State Crime and Civil Activism explores the work of non-government organisations (NGOs) challenging state violence and corruption in six countries – Colombia, Tunisia, Kenya, Turkey, Myanmar and Papua New Guinea. It discusses the motives and methods of activists, and how they document and criticise wrongdoing by governments. It documents the dialectical process by which repression stimulates and shapes the forces of resistance against it.
Drawing on over 350 interviews with activists, this book discusses their motives; the tactics they use to withstand and challenge repression; and the legal and other norms they draw upon to challenge the state, including various forms of law and religious teaching. It analyses the relation between political activism and charitable work, and the often ambivalent views of civil society organisations towards violence. It highlights struggles over land as one of the key areas of state and corporate crime and civil resistance. The interviews illustrate and enrich the theoretical premise that civil society plays a vital part in defining, documenting and denouncing state crime. They show the diverse and vibrant forms that civil society takes in a widely varied group of countries.
This book will be of much interest to undergraduate and postgraduate social science students studying criminology, international relations, political science, anthropology and development studies. It will also be of interest to human rights defenders, NGOs and civil society.
Table of Contents
INTRODUCTION AND METHODOLOGY
1. CIVIL SOCIETY IN UNCIVIL STATES
2. MOTIVATING RESISTANCE
3. CONCRETE WALLS AND SNOWDROPS: STATE CRIME AND THE DIALECTICS OF RESISTANCe
4. ‘THE TRUTH IS TENACIOUS’: GATHERING AND COMMUNICATING INFORMATION
5. LEGALITY, LEGITIMACY AND HUMAN RIGHTS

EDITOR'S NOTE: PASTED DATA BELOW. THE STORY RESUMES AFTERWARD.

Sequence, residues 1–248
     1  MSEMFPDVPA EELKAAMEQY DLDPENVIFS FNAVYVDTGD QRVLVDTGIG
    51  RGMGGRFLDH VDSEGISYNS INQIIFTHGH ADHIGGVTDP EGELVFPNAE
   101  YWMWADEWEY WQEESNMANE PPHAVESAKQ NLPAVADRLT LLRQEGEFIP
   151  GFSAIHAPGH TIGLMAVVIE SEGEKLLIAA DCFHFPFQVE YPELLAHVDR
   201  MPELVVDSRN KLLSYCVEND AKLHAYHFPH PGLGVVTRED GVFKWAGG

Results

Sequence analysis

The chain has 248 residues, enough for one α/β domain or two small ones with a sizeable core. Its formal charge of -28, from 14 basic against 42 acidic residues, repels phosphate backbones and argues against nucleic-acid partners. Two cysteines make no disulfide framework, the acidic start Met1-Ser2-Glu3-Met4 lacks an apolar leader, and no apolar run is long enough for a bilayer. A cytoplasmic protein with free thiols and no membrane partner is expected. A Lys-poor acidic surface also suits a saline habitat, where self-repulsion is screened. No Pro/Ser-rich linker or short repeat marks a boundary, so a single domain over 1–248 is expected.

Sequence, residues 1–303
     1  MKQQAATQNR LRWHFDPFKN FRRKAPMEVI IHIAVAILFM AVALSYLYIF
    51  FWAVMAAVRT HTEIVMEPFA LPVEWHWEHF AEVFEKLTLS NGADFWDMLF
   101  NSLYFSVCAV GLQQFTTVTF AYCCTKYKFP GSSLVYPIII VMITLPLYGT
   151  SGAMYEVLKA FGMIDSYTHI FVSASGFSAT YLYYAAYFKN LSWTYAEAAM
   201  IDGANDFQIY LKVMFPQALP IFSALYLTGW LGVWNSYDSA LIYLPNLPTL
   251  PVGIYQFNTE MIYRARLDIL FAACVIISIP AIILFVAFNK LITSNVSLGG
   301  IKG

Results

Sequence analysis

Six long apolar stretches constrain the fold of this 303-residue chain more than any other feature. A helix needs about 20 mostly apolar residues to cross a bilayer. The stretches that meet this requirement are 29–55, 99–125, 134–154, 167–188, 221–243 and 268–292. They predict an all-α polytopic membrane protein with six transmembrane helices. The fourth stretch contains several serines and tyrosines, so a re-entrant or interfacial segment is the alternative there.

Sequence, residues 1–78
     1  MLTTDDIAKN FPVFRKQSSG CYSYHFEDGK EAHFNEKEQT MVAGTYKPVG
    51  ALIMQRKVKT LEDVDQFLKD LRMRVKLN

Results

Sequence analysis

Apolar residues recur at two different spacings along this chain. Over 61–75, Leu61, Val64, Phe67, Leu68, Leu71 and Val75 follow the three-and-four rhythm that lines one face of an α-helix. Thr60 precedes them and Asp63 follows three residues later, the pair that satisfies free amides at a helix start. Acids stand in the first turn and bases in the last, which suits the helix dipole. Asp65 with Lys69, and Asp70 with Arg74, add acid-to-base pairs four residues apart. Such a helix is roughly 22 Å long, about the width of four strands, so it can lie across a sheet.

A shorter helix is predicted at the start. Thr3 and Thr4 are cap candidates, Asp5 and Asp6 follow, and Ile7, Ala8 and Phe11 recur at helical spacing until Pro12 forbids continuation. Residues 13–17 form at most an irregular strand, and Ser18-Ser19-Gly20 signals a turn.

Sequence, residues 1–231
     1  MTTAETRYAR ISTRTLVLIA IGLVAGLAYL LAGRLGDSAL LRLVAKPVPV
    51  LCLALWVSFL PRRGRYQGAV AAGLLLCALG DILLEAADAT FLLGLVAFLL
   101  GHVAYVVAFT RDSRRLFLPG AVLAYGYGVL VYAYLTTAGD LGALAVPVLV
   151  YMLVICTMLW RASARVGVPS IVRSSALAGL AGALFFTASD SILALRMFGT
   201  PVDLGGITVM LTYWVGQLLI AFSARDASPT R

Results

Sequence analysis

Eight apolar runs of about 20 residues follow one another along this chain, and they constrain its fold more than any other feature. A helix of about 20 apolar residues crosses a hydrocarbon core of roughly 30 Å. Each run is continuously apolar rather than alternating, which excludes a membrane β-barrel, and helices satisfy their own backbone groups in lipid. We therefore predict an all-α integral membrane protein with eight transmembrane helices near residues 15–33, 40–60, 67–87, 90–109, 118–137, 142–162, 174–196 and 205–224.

6. ‘A WAY OF DIGNIFYING LIFE’: RELIGION AND SPIRITUALITY
7.‘LAND IS LIFE’: DISPOSSESSION, DISPLACEMENT AND RESISTANCE
8. POLITICS, CHARITY, AND CIVIL SOCIETY
9. VIOLENCE: CIVIL SOCIETY’S FINAL FRONTIER
Appendix I: CSO PROFILES
Penny Green is Professor of Law and Globalisation and Head of Department at Queen Mary University of London (QMUL). She has published extensively on state crime theory (including her monograph with Tony Ward, State Crime: Governments, Violence and Corruption), state violence, ‘natural’ disasters, genocide, mass forced evictions and resistance to state violence. She has a long track record of researching in hostile environments and has conducted fieldwork in the UK, Turkey, Egypt, Kurdistan, Palestine/Israel, Tunisia and Myanmar. She is Founder and Co-Director of the award winning International State Crime Initiative (ISCI). Her seminal works, with ISCI colleagues Thomas MacManus and Alicia de la Cour Venning, on the Rohingya genocide, Countdown to Annihilation: Genocide in Myanmar (2015) and Genocide Achieved, Genocide Continues: Myanmar’s Annihilation Of The Rohingya (2018), have drawn widespread global attention.
Tony Ward is Professor of Law at Northumbria University. He became interested in state crime and civil activism through working for INQUEST, a British NGO concerned with deaths in custody. In addition to state crime he writes and teaches on the law of evidence, legal history, jurisprudence and law and literature.